13. I, too, will be there in spirit. I believe that will be 2 pm my time. Will be praying for healing for you and for strength for the family.
  14. CGA, we must have seen the same online college class. Said there was something like 7 billion people now? That was kind of scary, but then, this overpopulation has been predicted since the seventies if not before. And some said it wouldn't happen??? Like you say, if everyone practiced permaculture in their own back yard or even their front yard, woodland, wasteland, empty city lot, roof top, balcony, along sidewalks, etc, we wouldn't have to worry about feeding everyone. Permaculture is not just growing food though. Permaculture can work in every aspect of our lives. The process can save energy, time, money, the environment, and so much more. Still another way to look at prepping. I've been interested in permaculture for about 13 years and have been able to implement some of the practice into our own property. BTW, A great permacultur site is www.permies.com Some good people there.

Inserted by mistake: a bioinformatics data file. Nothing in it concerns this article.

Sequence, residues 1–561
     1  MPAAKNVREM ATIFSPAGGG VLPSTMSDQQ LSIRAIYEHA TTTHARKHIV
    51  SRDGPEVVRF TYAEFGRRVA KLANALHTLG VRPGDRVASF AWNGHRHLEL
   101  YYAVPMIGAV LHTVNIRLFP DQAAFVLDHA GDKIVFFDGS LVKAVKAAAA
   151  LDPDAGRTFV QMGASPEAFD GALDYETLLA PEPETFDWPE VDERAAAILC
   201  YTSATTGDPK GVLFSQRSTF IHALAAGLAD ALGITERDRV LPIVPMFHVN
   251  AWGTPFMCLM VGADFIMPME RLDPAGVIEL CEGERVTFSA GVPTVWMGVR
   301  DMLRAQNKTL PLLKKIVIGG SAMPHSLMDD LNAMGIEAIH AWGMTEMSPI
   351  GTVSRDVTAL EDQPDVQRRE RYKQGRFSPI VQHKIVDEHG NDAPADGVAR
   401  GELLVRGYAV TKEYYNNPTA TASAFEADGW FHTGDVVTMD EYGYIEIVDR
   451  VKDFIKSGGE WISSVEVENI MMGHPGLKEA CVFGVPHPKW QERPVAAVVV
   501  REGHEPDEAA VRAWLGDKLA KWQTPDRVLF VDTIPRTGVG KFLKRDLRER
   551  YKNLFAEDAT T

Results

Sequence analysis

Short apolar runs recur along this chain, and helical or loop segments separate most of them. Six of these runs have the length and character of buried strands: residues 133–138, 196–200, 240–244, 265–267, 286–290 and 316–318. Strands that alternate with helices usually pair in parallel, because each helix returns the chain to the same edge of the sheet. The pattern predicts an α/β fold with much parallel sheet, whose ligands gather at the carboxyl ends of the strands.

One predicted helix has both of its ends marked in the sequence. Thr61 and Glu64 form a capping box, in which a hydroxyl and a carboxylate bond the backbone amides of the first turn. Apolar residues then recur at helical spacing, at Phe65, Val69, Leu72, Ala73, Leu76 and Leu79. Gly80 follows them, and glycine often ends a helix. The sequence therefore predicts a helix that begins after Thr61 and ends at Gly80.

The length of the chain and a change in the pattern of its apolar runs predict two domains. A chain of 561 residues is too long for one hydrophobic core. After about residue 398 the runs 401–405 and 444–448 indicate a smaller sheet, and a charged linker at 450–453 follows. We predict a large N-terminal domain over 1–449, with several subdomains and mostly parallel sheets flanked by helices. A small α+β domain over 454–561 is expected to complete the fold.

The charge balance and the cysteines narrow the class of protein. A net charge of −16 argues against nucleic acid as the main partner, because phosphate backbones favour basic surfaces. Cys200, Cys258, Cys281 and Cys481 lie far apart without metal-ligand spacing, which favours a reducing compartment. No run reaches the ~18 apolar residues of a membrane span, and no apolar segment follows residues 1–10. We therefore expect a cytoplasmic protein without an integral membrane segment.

15. Happy Birthday Quilty's. I miss you SOOOOOOOO much. Love ya.